Microsoft, Google beat earnings expectations amid AI frenzy
Tech titans Google and Microsoft announced better-than-expected earnings on Tuesday as the frenzy over artificial intelligence stokes investor excitement and breathes a new life into the sector.
The release of ChatGPT last year landed as technology giants were embarking on major layoffs and cost-cutting plans, with share prices hammered after flying high during the coronavirus pandemic.
For the second consecutive quarter, Microsoft has more than reversed the trend, seeing profits and sales soaring to the highest levels ever for the 48-year-old company co-founded by Bill Gates.
An earnings statement reported that net profit for Microsoft was $20.1 billion in the April to June period, up 20 percent year-on-year and above expectations.
The company posted $56.2 billion in sales, which also beat expectations, though the growth slowed from the previous quarter.
And even though its share price slipped in after-hours trading, the Windows-maker remains the world’s second most valuable company after Apple, with a market capitalization of $2.6 trillion.
Once again, business in the latest quarter was driven by the cloud, which relies heavily on artificial intelligence and accounts for more than half of the company’s sales.
Cloud sales grew by 21 percent year-on-year.
Microsoft shares lifted off last week when the company said it would charge $30 extra per user to turbocharge its Microsoft 365 product — which includes Word, Excel and Teams — with AI powers.
“Every customer I speak with is asking not only how, but how fast they can apply next generation AI to address the biggest opportunities and challenges they face and to do so safely and responsibly,” said Microsoft CEO Satya Nadella.
Google parent Alphabet on Tuesday also reported profits that beat market forecasts as digital advertising revenue revived and its cloud business grew.
The search engine giant reported net income of $18.7 billion on revenue of $74.6 billion in the recently ended quarter.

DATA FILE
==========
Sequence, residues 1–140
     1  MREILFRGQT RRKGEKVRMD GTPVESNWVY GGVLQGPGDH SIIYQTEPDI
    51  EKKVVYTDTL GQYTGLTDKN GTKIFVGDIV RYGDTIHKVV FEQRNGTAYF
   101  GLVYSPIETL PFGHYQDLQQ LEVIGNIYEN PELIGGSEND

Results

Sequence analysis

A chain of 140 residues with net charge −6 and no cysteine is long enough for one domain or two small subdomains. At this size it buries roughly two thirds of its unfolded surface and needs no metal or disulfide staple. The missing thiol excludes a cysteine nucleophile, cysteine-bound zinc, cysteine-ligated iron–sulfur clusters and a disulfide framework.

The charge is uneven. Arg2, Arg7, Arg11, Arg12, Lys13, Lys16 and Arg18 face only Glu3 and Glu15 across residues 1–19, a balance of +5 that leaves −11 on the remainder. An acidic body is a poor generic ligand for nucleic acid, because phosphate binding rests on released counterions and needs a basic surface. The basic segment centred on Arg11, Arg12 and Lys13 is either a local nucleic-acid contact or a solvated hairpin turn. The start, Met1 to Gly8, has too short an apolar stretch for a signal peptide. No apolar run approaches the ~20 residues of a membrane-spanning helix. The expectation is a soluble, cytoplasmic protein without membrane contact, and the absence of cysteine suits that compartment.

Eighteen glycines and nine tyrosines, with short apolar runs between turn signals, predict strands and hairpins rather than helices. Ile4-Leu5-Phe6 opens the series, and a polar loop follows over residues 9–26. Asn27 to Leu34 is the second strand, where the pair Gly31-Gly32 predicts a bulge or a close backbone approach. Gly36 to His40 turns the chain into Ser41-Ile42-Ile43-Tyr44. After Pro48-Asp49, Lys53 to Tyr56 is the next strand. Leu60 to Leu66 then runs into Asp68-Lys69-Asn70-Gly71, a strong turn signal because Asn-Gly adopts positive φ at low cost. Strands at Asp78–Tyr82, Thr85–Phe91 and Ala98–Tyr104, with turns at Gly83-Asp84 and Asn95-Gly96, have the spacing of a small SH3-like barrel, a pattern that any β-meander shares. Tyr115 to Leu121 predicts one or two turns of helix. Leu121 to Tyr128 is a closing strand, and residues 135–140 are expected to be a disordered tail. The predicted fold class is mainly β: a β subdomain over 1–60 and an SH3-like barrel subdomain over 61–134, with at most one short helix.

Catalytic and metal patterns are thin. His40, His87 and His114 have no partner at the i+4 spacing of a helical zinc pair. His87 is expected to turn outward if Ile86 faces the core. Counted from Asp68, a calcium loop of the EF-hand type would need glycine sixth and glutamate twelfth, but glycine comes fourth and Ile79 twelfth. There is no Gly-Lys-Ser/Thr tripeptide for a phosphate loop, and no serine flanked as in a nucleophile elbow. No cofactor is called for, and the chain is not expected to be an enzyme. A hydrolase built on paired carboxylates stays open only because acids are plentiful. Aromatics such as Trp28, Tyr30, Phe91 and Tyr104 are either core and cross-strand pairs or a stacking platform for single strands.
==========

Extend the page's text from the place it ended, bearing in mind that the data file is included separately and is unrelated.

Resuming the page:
“There’s exciting momentum across our products and the company, which drove strong results this quarter,” Alphabet chief executive Sundar Pichai said in an earnings release.
Alphabet shares jumped more than six percent to $129.57 in after-market trades following the results.
Microsoft saw its share price slip more than three percent to $337.99 as earnings showed it will take a bit of time and investment to fulfil its AI visions.
“I think people got overly excited by AI, but now the reality is that it is not going to be instant,” said independent analyst Rob Enderle of Enderle Group.
“We are talking a few years before the full benefit starts to materialise.”
– Brin is back –
While the latest talk has surrounded AI, what matters most for Google earnings currently is digital advertising — where it gets the bulk of its revenue.
The company said that advertising revenue hit $58.1 billion, which outshined analysts’ expectations of $57.45 billion.
Google is also a player in the cloud computing industry, where revenue came in at $8 billion, compared with $6.3 billion the unit took in during the same period a year earlier.
“Our continued leadership in AI and our excellence in engineering and innovation are driving the next evolution of Search, and improving all our services,” Pichai said.
Google has played a close second to the partnership between Microsoft and OpenAI in rolling out its AI products following the release of ChatGPT.
The company has largely been seen as playing catch up with Microsoft, with questions over whether the mighty Google search engine will withstand developments in AI.
Microsoft was quick to beef up its Bing search engine with AI powers, but Google’s search has yet to see a real threat to its dominance — which remains about 90 percent of the market worldwide.
Google, though not as dramatically as Microsoft, has seen its share price rise steeply in 2023 as investors expect AI to generate new revenue and open new markets.
According to The Wall Street Journal, Google co-founder Sergey Brin is back at the company headquarters in California helping teams develop even more AI products.
He and co-founder Larry Page stepped down from active roles at Google in 2019 when Pichai was chosen to replace them as chief executive.